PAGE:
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Valley girl

Valley girl is a stereotype depicting a socio-economic class of women characterized by the colloquial California English dialect Valleyspeak and vapid materialism. The term originally referred to an ever increasing swell of semi-affluent and affluent middle-class and upper-middle class girls living in the early 1980s Los Angeles commuter towns of the San Fernando Valley.

In time the traits and behaviors spread across the United States and Canada, metamorphosing into a caricature of unapologetically spoiled "ditzes" and "airheads" more interested in shopping, personal appearance and social status than intellectual development or personal accomplishment.[1]

Contents

  • Sociolect 1
  • In popular culture 2
  • See also 3
  • References 4
  • External links 5

Sociolect

A sociolect associated with valley girls termed "Valleyspeak" spoke in the San Fernando valley in the 1980s. Qualifiers such as "like", "whatever", "way", "as if!", "totally" and "tubular" (a surfing term) are interjected in the middle of phrases and sentences as emphasizers. Narrative sentences were often spoken as if questions using a high rising terminal. Heavily accented words were spoken with high variation in pitch combined with very open or nasal vowel sounds.

In popular culture

The height of the "Valley Girl" period was during 1982-83, with several films, shows and music of the New Wave era embodying the "Valley" atmosphere of the San Fernando Valley during that time.

In 1982, composer Frank Zappa released the single "Valley Girl", with his 14-year-old daughter Moon Unit speaking typical "Valley Girl" phrases. Zappa intended to lampoon the image, but after the song's release there was a significant increase in the "Valspeak" slang usage, whether ironically spoken or not.[2]

The 1982-83 CBS TV show Square Pegs featured Tracy Nelson playing Jennifer DeNuccio, a popular Valley Girl at the high school.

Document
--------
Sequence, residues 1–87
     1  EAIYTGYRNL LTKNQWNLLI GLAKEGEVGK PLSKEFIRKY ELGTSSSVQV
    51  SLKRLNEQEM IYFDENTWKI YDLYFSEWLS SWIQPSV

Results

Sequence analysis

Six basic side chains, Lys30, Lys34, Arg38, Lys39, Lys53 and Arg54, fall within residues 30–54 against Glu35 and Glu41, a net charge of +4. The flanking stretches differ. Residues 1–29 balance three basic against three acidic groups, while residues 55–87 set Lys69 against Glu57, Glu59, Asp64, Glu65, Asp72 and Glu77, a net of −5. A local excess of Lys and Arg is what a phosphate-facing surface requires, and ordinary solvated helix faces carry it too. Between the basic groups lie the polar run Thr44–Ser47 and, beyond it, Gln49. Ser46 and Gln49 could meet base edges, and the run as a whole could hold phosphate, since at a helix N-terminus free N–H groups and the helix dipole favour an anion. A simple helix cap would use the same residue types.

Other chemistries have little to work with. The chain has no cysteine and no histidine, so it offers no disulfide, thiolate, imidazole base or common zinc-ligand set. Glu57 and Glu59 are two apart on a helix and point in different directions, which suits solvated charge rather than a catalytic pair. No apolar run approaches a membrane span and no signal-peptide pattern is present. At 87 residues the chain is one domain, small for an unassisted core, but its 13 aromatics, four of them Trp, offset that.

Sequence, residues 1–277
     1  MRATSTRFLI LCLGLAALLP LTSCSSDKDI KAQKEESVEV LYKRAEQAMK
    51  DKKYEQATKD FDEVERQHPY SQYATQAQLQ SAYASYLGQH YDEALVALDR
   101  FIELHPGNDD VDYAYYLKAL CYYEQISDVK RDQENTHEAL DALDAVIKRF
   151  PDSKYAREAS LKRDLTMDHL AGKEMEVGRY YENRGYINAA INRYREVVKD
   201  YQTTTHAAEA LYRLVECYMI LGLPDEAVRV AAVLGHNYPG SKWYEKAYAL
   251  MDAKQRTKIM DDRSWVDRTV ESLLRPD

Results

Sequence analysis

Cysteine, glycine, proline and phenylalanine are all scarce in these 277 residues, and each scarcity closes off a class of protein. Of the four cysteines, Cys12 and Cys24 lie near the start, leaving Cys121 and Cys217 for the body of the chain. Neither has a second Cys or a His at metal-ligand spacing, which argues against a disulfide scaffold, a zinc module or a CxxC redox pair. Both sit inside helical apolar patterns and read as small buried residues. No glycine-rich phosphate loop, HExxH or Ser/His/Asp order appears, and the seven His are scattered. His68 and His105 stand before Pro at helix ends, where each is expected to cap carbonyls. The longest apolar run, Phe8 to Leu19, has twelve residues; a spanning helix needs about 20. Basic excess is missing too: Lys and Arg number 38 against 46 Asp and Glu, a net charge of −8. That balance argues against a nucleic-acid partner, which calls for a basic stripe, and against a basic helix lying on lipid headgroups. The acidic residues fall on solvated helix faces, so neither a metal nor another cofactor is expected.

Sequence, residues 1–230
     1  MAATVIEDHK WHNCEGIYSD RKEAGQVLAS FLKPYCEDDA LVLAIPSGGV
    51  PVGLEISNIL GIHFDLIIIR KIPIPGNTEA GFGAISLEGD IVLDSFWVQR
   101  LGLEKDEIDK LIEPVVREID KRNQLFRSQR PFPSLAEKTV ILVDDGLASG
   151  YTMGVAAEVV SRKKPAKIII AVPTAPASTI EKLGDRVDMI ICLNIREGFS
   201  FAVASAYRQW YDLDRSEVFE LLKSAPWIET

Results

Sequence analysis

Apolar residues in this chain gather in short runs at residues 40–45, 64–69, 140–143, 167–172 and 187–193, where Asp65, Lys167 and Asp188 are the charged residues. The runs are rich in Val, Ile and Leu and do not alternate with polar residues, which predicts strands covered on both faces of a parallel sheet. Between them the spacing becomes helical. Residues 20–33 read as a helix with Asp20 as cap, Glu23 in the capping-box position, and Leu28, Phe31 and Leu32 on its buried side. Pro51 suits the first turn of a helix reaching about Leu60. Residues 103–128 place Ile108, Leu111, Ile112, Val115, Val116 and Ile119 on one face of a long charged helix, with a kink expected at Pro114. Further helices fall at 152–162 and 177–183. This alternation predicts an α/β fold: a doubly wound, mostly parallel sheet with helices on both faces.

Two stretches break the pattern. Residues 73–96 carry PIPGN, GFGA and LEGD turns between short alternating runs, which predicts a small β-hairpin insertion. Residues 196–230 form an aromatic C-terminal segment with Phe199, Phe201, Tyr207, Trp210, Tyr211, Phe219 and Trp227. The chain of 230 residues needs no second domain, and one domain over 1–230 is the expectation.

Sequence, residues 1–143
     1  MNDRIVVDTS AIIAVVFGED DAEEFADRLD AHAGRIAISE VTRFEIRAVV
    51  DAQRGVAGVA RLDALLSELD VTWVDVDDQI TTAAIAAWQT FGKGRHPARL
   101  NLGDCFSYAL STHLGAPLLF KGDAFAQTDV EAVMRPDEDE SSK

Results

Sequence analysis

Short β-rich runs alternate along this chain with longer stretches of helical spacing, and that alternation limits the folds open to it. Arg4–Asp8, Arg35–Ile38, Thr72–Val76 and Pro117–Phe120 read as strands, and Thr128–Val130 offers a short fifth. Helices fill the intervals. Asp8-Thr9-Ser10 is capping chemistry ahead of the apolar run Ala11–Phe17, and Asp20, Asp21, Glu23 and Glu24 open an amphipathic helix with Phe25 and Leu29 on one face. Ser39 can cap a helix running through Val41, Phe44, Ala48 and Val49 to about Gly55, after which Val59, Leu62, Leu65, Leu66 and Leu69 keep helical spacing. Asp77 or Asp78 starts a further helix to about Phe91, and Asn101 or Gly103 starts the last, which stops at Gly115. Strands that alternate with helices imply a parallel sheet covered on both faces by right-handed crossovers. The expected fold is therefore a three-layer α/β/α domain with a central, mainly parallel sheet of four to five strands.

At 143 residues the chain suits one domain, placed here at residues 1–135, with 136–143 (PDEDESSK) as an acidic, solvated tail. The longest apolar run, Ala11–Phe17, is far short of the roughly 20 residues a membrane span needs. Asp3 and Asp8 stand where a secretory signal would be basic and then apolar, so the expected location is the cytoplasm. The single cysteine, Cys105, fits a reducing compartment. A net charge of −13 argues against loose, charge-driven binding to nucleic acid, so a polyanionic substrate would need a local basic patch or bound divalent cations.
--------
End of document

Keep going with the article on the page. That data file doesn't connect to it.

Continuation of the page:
The 1983 film Valley Girl starring Nicolas Cage centered on a group of "Valley Girl" characters and featured several characterizations associated with their lifestyle (such as going shopping at the mall or "Galleria," suntanning at the beach, and going to parties).

The protagonist of the 1995 film Clueless has been described as a caricature of 1990s "Valley Girls," though she is actually from nearby Beverly Hills.[3][4][5][6]

See also

References

  1. ^ Michael Demarest, Michael;Stanley, Alessandra (September 27, 1982(. "Living: How Toe-dully Max Is Their Valley:. Time magazine.
  2. ^ Watson, Ben (1994). Frank Zappa: The Negative Dialectics of Poodle Play. Quartet Books. p. 396.  
  3. ^ "Amy Irving". The Index-Journal. April 22, 1998. Retrieved 8 April 2015. 
  4. ^ Alan Schwartz, Richard (2006). The 1990s. Infobase Publishing. Retrieved 8 April 2015. 
  5. ^ Rothman, Lily (22 October 2012). "No Rebuttals: The Top 10 Movie Debate Scenes". Time.com (Time). Retrieved 8 April 2015. 
  6. ^ Hoffman, Jan (23 December 2013). "Overturning the Myth of Valley Girl Speak". NYTimes.com (New York Times). Retrieved 8 April 2015. 

External links

  • 2 (2003):Refractory: A Journal of Entertainment MediaJanelle Tassone. "Buffy: The Evolution of a Valley Girl"
  • Valley Girl - Television Tropes & Idioms
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